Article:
This is the Duke squad that will face Ohio State in the round of 16 at 1 p.m. Sunday at Koskinen Stadium. The Buckeyes were 2-1 victors over University of Wisconsin-Milwaukee, and enter the game with a record of 12 wins, eight losses and two draws.
Of the 16 teams still standing in the 64-team field, eight are ACC schools. A ninth, Miami, lost yesterday to Long Beach State. In addition to Duke, the ACC survivors are:
1. UNC (5-0 victors over Baylor)
2. Wake Forest (2-0 over Boston University)
3. Boston College (0-0 shootout over Cal)
4. Maryland (1-0 over Auburn)
5. Virginia (3-0 over Washington St.)
6. Virginia Tech (3-1 over Texas A&M)
7. Florida State (3-1 over Portland)
Clearly, the ACC is the most competitive league for college soccer, probably for men as well as women. And the best team on the women's side is Duke. It remains to be seen if this squad of youngsters—there are no senior starters—can take the title Dec. 4 in Kennesaw, Ga.
But the freshman Rivers misunderstood his assignment. Instead he made a bounce pass to Kelly. Kelly, of course, wasn't looking for it, and it went behind him and out of bounds for a turnover. "Up!" he admonished Rivers, too late.
Davidson guard Tom Droney took the ensuing inbounds pass, dribbled down the court and penetrated all the way inside the three-point line, with Miles Plumlee trailing him after a midcourt screen. Plumlee couldn't stop his momentum in time to keep from bumping Droney as Droney put up a last-second shot. With 0.08 seconds to go, Droney made two free throws, and what probably should have been a 36-33 Duke lead at the intermission became instead a 35-34 Davidson advantage.
The Blue Devils had made two mistakes in less than five seconds, lost what little momentum they'd built—Duke actually trailed for nearly all of the first half—and headed into their home locker room losing to an unranked team. Duke head coach Mike Krzyzewski stalked off the court looking a little less than pleased, to put it mildly.
It was just the kind of early-season moment a growing top-ten team needs.
CAMERON INDOOR STADIUM/DURHAM Duke finally opens at home with an unusual noon game, a week after the No. 9 Blue Devils’ road victory at Brigham Young.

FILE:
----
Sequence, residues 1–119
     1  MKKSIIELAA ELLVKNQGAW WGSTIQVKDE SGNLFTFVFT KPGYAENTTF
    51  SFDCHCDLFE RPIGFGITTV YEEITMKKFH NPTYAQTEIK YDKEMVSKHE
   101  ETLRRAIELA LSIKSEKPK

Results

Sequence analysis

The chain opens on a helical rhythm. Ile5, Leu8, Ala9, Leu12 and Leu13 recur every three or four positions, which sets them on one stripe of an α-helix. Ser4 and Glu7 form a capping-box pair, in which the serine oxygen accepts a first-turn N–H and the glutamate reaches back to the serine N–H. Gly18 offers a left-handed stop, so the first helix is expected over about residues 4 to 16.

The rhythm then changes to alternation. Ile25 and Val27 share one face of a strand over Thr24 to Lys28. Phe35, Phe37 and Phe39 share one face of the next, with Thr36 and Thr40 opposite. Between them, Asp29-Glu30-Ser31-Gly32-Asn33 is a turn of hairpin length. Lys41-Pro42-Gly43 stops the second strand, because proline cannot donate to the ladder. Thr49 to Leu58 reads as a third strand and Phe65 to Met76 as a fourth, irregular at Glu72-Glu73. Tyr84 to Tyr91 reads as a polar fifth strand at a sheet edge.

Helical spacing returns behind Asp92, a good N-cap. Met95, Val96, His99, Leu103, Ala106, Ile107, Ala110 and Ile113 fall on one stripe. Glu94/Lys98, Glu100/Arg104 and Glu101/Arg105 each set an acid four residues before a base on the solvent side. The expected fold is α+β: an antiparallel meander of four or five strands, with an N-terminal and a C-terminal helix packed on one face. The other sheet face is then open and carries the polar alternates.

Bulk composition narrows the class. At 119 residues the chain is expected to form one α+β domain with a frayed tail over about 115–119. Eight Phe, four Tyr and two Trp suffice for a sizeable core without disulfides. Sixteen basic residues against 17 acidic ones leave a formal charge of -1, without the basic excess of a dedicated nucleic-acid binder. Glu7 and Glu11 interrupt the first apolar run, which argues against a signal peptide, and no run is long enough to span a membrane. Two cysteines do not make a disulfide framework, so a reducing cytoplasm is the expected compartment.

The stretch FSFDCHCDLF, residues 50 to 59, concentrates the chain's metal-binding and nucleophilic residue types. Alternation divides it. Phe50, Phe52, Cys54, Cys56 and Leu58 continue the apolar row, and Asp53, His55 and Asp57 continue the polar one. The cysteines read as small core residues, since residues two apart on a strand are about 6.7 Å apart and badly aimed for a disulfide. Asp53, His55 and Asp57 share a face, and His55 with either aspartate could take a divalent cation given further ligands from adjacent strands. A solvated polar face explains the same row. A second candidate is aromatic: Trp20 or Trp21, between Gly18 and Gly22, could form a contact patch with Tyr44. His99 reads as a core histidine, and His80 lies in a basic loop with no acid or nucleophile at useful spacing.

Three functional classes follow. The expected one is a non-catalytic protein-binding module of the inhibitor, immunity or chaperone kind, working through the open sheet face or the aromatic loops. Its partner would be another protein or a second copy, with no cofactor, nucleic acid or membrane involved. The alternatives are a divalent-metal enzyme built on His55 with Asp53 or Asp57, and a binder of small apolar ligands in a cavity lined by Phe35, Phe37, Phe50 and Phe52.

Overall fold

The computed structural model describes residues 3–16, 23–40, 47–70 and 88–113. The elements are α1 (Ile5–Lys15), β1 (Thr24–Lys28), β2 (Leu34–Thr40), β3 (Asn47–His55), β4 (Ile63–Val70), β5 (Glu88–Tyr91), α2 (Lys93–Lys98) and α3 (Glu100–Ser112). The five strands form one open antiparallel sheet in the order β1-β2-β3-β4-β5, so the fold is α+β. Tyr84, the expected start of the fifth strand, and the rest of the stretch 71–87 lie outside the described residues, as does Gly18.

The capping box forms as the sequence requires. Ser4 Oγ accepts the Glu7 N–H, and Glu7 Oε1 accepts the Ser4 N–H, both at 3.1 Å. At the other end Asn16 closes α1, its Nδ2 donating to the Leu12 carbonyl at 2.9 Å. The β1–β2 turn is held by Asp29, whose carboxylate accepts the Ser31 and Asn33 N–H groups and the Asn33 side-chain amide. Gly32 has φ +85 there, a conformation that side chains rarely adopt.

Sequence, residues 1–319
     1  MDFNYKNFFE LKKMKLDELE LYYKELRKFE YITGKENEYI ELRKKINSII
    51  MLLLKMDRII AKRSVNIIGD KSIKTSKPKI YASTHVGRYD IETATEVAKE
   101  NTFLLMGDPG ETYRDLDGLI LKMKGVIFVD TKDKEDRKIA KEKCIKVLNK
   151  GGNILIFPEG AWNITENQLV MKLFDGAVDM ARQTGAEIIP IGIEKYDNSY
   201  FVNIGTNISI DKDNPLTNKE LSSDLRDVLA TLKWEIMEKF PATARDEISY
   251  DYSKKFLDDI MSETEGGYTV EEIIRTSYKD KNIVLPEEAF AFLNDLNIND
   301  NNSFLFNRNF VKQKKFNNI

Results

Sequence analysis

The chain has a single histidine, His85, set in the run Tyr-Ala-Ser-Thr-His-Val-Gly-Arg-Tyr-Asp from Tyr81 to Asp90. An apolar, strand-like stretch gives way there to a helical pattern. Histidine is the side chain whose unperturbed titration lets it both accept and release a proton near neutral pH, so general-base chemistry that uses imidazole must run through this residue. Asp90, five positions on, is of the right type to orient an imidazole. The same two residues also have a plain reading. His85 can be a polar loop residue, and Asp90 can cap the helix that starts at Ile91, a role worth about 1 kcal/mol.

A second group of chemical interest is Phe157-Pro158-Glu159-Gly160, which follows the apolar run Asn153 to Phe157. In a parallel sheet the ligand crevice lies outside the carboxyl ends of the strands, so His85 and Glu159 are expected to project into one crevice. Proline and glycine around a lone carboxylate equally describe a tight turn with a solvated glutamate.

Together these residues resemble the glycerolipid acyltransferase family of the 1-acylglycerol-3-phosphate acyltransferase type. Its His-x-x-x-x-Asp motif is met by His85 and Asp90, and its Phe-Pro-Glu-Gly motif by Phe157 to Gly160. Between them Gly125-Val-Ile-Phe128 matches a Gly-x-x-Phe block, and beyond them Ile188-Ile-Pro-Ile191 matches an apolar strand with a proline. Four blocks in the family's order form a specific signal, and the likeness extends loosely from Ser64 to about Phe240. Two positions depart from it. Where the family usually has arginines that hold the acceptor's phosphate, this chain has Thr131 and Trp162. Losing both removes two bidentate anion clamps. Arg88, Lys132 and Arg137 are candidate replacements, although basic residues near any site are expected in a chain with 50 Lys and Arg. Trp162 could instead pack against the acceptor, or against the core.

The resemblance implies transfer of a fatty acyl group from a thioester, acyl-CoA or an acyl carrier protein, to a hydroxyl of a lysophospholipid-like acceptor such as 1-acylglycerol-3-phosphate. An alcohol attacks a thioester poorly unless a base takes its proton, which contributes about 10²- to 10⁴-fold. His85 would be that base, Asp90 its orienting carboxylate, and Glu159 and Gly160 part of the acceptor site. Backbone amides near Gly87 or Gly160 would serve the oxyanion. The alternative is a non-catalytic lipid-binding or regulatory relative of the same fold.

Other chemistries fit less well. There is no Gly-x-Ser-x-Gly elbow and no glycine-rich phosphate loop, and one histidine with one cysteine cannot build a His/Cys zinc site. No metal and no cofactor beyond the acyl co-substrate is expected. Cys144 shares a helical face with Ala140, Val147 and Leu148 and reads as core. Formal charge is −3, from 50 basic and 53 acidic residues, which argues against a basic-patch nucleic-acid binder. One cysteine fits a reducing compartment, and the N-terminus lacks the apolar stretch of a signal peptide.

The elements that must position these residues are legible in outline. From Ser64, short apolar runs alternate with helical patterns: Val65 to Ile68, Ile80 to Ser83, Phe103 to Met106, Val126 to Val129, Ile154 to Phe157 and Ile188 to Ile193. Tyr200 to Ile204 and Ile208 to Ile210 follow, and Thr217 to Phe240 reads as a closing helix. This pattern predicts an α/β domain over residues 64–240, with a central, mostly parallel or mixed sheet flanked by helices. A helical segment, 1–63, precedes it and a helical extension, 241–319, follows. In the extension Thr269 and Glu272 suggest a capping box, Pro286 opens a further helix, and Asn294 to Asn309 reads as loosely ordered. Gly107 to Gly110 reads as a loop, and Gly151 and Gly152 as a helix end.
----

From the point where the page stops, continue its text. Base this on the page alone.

Nell Fortner’s Tigers are the best visiting team to come to the Triangle so far this season, going 16-16 and playing in the WNIT last season. Duke leads the all-time series 4-0 after winning 75-62 on The Plains last season.
No. 8 Duke gets a dominant game from freshman sensation Elizabeth Williams, using a big second half to roll to a 73-50 victory.
The classic road-trip carol "Over the River and Through the Woods" has taken on a new meaning for the Carolina Hurricanes this Thanksgiving. It describes the route they'll have to take to get back to respectability in the National Hockey League.
It also might describe where authorities will be looking for coach Paul Maurice next week.
Will there be a big trade? Will Paul Maurice be fired? With my complete lack of insider information, I will go out on what I think is a pretty short limb and say to both questions: yes.
Let's take stock of the season through 19 games. The Canes have won only 6 thus far. They've not just fallen off the playoff bus; they can't see that bus' tail lights anymore. Their Vezina-worthy goaltender sees more shots per night than bartenders do. Their big free-agent pickup plays defense as soft as the marshmallow topping on a sweet potato casserole. And their captain, who once racked up 100 points in a season, is reportedly breaking bread with Amelia Earhart, Jimmy Hoffa, and D.B. Cooper this holiday.
Following UNC’s near upset in the 24-21 loss at No. 9 Virginia Tech Thursday night, the Triangle’s other two ACC teams will also be underdogs when they hit the field Saturday.
Before that one kicks off, Duke (3-7, 1-5 ACC) will look to get some momentum for its season finale against the Tar Heels when it hosts Georgia Tech (7-3, 4-3) at 12:30 at Wallace Wade Stadium.